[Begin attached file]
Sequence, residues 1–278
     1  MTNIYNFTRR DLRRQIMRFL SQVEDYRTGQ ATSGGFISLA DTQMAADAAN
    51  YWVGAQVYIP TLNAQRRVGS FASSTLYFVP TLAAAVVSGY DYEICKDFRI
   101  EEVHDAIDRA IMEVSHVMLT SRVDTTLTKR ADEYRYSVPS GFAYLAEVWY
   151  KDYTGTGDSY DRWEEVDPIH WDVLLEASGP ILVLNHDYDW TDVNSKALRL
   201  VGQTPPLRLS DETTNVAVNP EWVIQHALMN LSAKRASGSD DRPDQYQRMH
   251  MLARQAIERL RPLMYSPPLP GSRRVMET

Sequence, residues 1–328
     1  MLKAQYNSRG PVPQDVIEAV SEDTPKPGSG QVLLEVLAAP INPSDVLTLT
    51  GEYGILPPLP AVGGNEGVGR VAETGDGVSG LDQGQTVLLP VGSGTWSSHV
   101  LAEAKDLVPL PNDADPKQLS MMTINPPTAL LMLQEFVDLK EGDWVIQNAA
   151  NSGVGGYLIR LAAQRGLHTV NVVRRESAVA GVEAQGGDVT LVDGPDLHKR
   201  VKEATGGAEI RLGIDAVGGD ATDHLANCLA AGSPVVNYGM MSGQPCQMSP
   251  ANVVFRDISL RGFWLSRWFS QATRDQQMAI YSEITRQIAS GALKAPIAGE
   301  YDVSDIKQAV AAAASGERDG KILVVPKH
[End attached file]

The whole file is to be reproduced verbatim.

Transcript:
Sequence, residues 1–278
     1  MTNIYNFTRR DLRRQIMRFL SQVEDYRTGQ ATSGGFISLA DTQMAADAAN
    51  YWVGAQVYIP TLNAQRRVGS FASSTLYFVP TLAAAVVSGY DYEICKDFRI
   101  EEVHDAIDRA IMEVSHVMLT SRVDTTLTKR ADEYRYSVPS GFAYLAEVWY
   151  KDYTGTGDSY DRWEEVDPIH WDVLLEASGP ILVLNHDYDW TDVNSKALRL
   201  VGQTPPLRLS DETTNVAVNP EWVIQHALMN LSAKRASGSD DRPDQYQRMH
   251  MLARQAIERL RPLMYSPPLP GSRRVMET

Sequence, residues 1–328
     1  MLKAQYNSRG PVPQDVIEAV SEDTPKPGSG QVLLEVLAAP INPSDVLTLT
    51  GEYGILPPLP AVGGNEGVGR VAETGDGVSG LDQGQTVLLP VGSGTWSSHV
   101  LAEAKDLVPL PNDADPKQLS MMTINPPTAL LMLQEFVDLK EGDWVIQNAA
   151  NSGVGGYLIR LAAQRGLHTV NVVRRESAVA GVEAQGGDVT LVDGPDLHKR
   201  VKEATGGAEI RLGIDAVGGD ATDHLANCLA AGSPVVNYGM MSGQPCQMSP
   251  ANVVFRDISL RGFWLSRWFS QATRDQQMAI YSEITRQIAS GALKAPIAGE
   301  YDVSDIKQAV AAAASGERDG KILVVPKH